First person: My trip with 20 UWM leaders, inexperienced on Israel | Wisconsin Jewish Chronicle

First person: My trip with 20 UWM leaders, inexperienced on Israel


In the last six months I have gone to Israel three times and in two weeks I will be making it a fourth.

My mom always asked me why I continually go on these trips that are in theory all the same – going to Israel to be a tourist and learn the land, people and politics. I can say without a doubt in my mind that Hillel Milwaukee’s first ever Side by Side Mission was like nothing I have ever experienced in my life.

Sure, there were a lot of similarities to the itineraries from prior trips, but what made this trip so special was the group I had the privilege of going to Israel with. Hillel Milwaukee took five students leaders who have been to Israel prior to this trip and are also already involved with Israeli culture, politics, etc. The other 20 student leaders chosen were students who had little to no experience or knowledge with Israel. The purpose of this trip was to show people the truths in the Middle East.

In my opinion media makes the conflict and just the Middle East in general very black and white, but it is far more complex than it is often spoken about. This trip was supposed to show people what is really going on in the Middle East. We met with people of all different backgrounds to help the members on the trip create their own opinions and narratives with Israel. By no means was this an attempt to create 20 new “pro-Israel” activists, but rather to educate people with truths and give people an opportunity to figure out their connection and identity with Israel.

Whether or not the students support Israel entirely, everyone involved can now speak from experience and be active in sharing their truths. It creates more Israel conversations on University of Wisconsin – Milwaukee’s campus. People are more likely to hear you out when you have real life experiences to speak from. This was the goal of Side by Side 2018 – to provide experiences, knowledge, create new narratives and then bring it back to campus.

In the two trips prior to this one, I had only experienced Israel with other Jews. In my opinion, I think when you’re Jewish you’re already more connected to the Holy Land. You may be critical of the Jewish state, but you understand the importance of it. This was the first time I went to Israel without Jewish people, so in a way this was a new first for me. I was one of five Jewish people on the trip. Everyone else came from very different backgrounds – every sect of Christianity, Muslim, atheist and everyone’s first trip to Israel. With so many different upbringings it created many different views and opinions prior, during and after the trip. It was a new and interesting experience.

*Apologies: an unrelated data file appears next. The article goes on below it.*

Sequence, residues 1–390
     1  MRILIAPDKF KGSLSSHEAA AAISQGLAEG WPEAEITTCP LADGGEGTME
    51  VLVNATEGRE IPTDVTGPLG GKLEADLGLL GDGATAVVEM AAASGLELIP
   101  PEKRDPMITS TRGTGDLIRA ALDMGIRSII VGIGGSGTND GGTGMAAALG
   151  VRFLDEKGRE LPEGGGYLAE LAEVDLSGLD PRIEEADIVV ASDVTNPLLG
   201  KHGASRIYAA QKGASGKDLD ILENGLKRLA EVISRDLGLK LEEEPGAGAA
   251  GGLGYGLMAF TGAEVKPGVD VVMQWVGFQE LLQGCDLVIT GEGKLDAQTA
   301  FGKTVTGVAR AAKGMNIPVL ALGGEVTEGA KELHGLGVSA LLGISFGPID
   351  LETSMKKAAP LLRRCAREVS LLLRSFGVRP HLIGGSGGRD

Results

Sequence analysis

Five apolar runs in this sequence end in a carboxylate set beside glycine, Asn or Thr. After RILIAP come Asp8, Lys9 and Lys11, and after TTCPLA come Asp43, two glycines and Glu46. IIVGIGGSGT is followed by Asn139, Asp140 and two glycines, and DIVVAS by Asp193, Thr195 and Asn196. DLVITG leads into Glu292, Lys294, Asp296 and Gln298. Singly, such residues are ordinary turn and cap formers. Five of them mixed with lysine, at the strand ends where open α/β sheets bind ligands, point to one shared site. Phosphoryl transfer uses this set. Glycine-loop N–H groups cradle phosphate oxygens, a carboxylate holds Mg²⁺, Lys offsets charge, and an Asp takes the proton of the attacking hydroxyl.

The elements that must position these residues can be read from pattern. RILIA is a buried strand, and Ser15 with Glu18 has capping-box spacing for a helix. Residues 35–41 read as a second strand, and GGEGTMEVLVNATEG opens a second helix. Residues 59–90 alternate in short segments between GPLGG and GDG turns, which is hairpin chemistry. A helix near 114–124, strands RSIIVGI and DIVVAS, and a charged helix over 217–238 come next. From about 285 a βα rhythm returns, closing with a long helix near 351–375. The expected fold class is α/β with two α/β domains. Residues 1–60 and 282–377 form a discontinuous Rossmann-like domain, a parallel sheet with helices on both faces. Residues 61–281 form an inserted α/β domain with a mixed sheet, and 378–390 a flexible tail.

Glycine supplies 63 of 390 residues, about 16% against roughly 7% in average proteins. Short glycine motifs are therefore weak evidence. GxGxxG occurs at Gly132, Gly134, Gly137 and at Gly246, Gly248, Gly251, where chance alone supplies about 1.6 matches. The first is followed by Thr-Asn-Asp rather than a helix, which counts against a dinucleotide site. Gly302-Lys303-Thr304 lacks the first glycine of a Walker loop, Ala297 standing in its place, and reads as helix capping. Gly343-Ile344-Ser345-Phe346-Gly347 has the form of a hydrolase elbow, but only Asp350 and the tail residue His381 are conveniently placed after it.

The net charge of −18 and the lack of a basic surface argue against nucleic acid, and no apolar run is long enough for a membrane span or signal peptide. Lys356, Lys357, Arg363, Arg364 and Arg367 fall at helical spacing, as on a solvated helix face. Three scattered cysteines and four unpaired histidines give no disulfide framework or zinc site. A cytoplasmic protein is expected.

Not only that, but everyone was a leader and because of this many people were very vocal about their opinions and were willing to step up to share their opinions and ideas. With everyone having such different views and ideas, it sometimes created tension or disagreements in the groups, but I think that’s good. It was often said on our trip that when you’re uncomfortable and vulnerable you’re learning and developing the most. I wholeheartedly believe that to be the truth.

We met with people and leaders from both Palestinian territories and Israel in the West Bank. We learned from leaders from many different religions. Met with members from the Knesset – Israel’s parliament. We saw the social action side going to save a child’s heart and the aid being given to Syrians crossing Israeli borders for medical help. We were given so many opportunities to learn from many different people. We experienced the whole country from as far south as the Dead Sea all the way to the Golan Heights. We did it all.

It is challenging to put the last 10 days into words, but I think everyone is coming back to America confused, yet ready to develop their ideas and identities and to share their stories. Even with all the disagreements in our group we created a little family. We all became vulnerable with each other and pushed one another to think a little harder. This was an incredibly special opportunity and I am so happy I was chosen to be a part of this journey and meet all the people I did. I am coming back to school even more ready to share my perspective and love for a country that I call my home. I am excited to see where everyone goes from this trip. We are all required to do an initiative post trip and I am stoked to see how people start that. There is a lot to look forward to and still a lot of growing to do.

Charlee Vrtjak is entering her junior year with University of Wisconsin – Milwaukee.